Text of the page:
No matter how much baseball is changing at the moment, the value of the top tier of starting pitchers is immutable. So, let’s take a look at the top starters in baseball right now, with some of my opinion included but mostly that of eight scouts and front office executives I polled going into the new season.

The concept of an ace comes up a lot in baseball conversations, often without a specific definition. In scouting, it has a bit more of a specific meaning — but that can vary from person to person. The basic idea, in a scouting sense, is that an ace is part of the top tier of starting pitchers across the sport and that this tier is more than five or six pitchers but fewer than 15 — with most scouts and executives putting it at eight to 12.

Rather than one ace per team, think of it more as roughly one per playoff team, with the newly expanded 12-team playoffs representing the high end of the range. I’ve done a number of these over the years, and while a couple of names have been on every version of this list, there’s a good bit of movement with every new edition.

This is a ranking for this season, rather than projecting into the future, so think of this as who you would want pitching for your team during a playoff run — but you have to make the list now. Any pitcher who is still recovering from surgery isn’t eligible, so Walker Buehler (No. 5 on my list at this point last season) is a perennial candidate who won’t be listed this time.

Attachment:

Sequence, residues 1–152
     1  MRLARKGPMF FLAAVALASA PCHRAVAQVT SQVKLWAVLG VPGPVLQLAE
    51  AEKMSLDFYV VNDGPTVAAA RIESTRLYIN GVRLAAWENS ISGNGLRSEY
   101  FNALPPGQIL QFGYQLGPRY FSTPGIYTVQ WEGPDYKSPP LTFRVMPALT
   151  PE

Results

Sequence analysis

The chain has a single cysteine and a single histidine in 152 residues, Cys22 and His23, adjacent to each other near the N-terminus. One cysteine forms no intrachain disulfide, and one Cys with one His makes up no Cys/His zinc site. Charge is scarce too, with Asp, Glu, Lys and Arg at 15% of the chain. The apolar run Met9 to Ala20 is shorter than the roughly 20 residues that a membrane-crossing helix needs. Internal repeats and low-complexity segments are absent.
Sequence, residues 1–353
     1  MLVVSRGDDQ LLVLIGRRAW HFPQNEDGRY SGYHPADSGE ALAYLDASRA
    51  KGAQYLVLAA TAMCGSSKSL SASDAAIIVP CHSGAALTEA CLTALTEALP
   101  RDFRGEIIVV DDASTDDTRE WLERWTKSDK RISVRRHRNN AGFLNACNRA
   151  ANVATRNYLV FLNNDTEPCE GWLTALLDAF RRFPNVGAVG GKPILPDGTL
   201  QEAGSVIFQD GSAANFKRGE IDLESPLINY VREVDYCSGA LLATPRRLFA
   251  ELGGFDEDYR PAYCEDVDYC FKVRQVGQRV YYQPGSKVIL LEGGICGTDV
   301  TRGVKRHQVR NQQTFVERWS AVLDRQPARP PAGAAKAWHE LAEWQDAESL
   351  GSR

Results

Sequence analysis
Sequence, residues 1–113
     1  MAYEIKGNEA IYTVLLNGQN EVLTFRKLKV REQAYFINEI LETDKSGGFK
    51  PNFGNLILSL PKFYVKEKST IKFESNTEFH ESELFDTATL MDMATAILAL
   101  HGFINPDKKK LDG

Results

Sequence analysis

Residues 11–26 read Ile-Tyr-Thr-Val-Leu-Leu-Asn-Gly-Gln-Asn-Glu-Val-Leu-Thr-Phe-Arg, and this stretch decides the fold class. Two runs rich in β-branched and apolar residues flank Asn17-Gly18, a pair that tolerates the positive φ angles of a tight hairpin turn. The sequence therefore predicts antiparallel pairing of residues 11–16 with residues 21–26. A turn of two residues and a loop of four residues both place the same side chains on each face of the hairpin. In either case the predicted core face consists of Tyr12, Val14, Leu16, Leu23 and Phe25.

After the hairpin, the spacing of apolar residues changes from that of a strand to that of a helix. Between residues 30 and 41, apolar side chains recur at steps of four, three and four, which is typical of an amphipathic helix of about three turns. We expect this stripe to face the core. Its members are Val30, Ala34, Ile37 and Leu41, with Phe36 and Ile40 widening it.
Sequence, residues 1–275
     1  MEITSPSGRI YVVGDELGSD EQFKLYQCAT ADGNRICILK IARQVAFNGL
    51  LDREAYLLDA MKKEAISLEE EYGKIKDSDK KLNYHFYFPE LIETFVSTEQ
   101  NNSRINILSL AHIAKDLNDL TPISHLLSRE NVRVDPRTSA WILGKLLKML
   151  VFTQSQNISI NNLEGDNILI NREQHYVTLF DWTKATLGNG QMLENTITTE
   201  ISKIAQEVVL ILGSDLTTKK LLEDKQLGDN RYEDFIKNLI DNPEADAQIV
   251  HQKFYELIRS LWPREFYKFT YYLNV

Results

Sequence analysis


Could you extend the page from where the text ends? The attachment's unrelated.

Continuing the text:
Here are baseball’s true aces of 2023, along with those who have the best chance to make the leap this season.

Age: 27

2022 ace rank: Just missed

Yes, his most recent start wasn’t pretty — but this list is about much more than one outing. Alcantara was among the final cuts from my 2022 list, and then he put together a sterling Cy Young-winning campaign: 228⅔ innings pitched with a 2.28 ERA thanks in large part to a dastardly sinker that averaged 98.0 mph. Given those bulk innings, his age and his study, athletic frame, he gets the nod at the top.

Age: 34 (Tommy John surgery in 2010)

2022 ace rank: 1

Durability is the big question, as deGrom has thrown 156⅓ innings over the past two seasons combined, which pales in comparison to the 228⅔ innings Alcantara threw just last season. He is also 34 years old. This ranking, however, shows how good the production was when deGrom was able to take the mound, evidenced by one of the best ERA estimators: deGrom’s 1.57 xFIP in 2021-22 vs. Alcantara’s 3.29 in 2022. A couple of sources argued deGrom should still be first on the list, but Alcantara was the consensus pick because we’re ranking for the entire season rather than one win-or-go-home game.

Age: 32

2022 ace rank: 3

Cole has been either second or third on each of the past two early-season editions of these rankings, along with last season’s playoff version. He’s been amazingly consistent in both quality and bulk of innings, even adding velocity on his fastball in the traditional decline years for a pitcher.

Age: 28

2022 ace rank: 2

Burnes just missed the 2021 list and then won the Cy Young that season, just like Alcantara did last year. Burnes is now clearly in the top tier of pitchers in the game, and he is setting himself up for what could be a massive free agency deal after the 2024 season.

Age: 28 (TJ in 2018)

2022 ace rank: Just missed

I left Ohtani off of last year’s list because playing two ways appeared to be limiting his durability as a pitcher enough that he wouldn’t post the bulk innings to belong. That excuse is gone now, as he threw 166 innings and posted the sixth-best pitcher WAR in baseball last season, only 0.1 WAR behind Alcantara.

Age: 27 (TJ in 2014)

2022 ace rank: Under consideration